Thursday, 12 December 2013
“Dieziani Allison-Madueke Called Me Over 20 Times In Quest to Become Minister For Petroleum,” Claims Henry Okah in Affidavit
In an affidavit to be filed in a South African court, detained Mr. Henry Okah claims that in just the first few days of April 2010, after Mr. Goodluck Jonathan became Acting President of Nigeria, one Mrs. Diezani Allison-Madueke called him over 20 times for help to become Petroleum Minister.
In her calls, Ms. Madueke explained that she “was competing for the post of the Minister of Petroleum with the now Minister of Foreign Affairs, Mr, Odein Ajumogobia,” and asked for assistance “to tip the scale in her favor.”
In the 42-page affidavit, Mr. Okah claims Mrs. Madueke specifically asked him to speak to President Jonathan and “put a good word for her,” furnishing him with up to date information on the president’s availability via calls and text messages. Mr. Okah then spoke to President Jonathan in the early hours of April 5, 2010, he says in the affidavit, following which Mrs. Madueke later called to thank him for his contribution in influencing her appointment as Minister for Petroleum.
Okah says in the affidavit that he reluctantly accepted to speak to Ms. Madueke at the prompting of now presidential adviser, Mr. Oronto Douglas, who, he said, called him on April 4, 2010, saying that Ms. Diezani Allison-Madueke was desperate to speak to him. Mr. Douglas underlined Mrs. Madueke’s need of Okah’s assistance in persuading President Jonathan to appoint her Minister for Petroleum.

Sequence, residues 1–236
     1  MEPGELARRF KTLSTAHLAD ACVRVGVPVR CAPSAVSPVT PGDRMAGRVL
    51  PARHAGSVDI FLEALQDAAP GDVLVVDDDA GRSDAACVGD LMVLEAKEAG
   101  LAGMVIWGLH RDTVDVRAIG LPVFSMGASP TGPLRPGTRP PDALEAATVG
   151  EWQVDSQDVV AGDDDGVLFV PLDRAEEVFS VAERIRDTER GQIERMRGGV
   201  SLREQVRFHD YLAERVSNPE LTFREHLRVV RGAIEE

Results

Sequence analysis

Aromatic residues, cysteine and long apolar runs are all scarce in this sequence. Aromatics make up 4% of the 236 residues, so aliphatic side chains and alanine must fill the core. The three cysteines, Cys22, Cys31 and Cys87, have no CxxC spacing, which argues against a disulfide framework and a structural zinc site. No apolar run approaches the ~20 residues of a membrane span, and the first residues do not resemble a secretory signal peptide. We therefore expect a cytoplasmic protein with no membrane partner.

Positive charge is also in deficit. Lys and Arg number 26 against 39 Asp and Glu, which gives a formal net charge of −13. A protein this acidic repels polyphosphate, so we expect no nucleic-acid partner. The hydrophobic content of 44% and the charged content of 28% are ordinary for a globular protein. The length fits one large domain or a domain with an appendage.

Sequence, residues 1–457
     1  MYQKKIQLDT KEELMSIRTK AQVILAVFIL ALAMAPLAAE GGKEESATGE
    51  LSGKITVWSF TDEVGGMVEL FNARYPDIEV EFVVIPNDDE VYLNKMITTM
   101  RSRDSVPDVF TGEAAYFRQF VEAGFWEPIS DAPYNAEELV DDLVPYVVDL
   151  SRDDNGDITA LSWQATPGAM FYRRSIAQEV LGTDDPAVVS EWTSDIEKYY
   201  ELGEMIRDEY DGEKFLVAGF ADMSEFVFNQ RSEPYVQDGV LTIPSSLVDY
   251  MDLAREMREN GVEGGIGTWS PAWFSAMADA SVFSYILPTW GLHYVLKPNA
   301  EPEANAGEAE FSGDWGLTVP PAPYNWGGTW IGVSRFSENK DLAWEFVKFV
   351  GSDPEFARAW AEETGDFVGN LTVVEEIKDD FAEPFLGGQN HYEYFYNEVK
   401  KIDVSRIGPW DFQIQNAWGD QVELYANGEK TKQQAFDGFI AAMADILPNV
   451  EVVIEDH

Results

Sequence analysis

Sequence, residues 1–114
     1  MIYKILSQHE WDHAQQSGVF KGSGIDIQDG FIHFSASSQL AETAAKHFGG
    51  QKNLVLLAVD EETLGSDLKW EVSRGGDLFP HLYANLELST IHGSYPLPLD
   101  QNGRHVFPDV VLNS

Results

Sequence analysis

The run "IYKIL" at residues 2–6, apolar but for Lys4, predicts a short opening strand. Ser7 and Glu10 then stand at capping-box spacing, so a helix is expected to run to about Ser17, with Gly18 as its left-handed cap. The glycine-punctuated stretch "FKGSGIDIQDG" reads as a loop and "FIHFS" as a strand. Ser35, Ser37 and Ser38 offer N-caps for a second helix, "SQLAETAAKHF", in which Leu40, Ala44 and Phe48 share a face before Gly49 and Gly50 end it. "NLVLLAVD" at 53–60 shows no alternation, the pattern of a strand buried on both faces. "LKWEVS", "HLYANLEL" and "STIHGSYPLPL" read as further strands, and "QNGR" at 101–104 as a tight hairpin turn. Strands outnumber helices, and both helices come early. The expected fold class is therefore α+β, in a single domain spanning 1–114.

In March of 2010, Mr. Jonathan had sent Douglas to meet Okah in South Africa, according to the affidavit. During their meeting, which took place between March 31 and April 1, Mr. Douglas informed Okah that the Northern region of Nigeria was doing everything to prevent Jonathan from being the president.
Mr. Okah has been in a South African Prison since October 2, 2010. He is charged under the Terrorist Act’s Protection of Constitutional Democracy against Terrorist and Related Act, Act 33 of 2004. He has been denied bail by various courts in South Africa.
Okah was linked with the 2010 Independence Day bombing of the Eagle Square in Abuja. Okah is facing charges that Chima Orlu, who allegedly supervised the operation, acted under his instructions. Prosecutors allege that he was in communication via phone and SMS with Mr. Orlu and another co-perpetrator, Ben Jessy Ebere.
In Mr. Okah’s new affidavit, he affirms that on the day of the bombing, he received a call from Mr. Moses Jituboh, the Head of Personal Security to President Jonathan, who asked him to continue to cooperate with the President. As Mr. Okah asserted in 2010, following the bombing, Mr. Jituboh also asked him to shift the blame of the bombing to radical elements in the North.
Following the emergence of new facts, Mr. Okah is reapplying for bail. In his response to new information in his police docket that contains evidential material that will be used in his trial. Okah is facing trial at South Gauteng High Court that is estimated to last over 18 months.
He is pleading with the court to grant him bail because the case against him is weak and the state cannot provide evidential material to support their case.
The case will begin on October 1, 2012 by which time he would have spent 2 years in jail. The State has lined up over 50 witnesses from Nigeria to appear in court in South Africa. Okah also plans to call over 100 witnesses in his defense.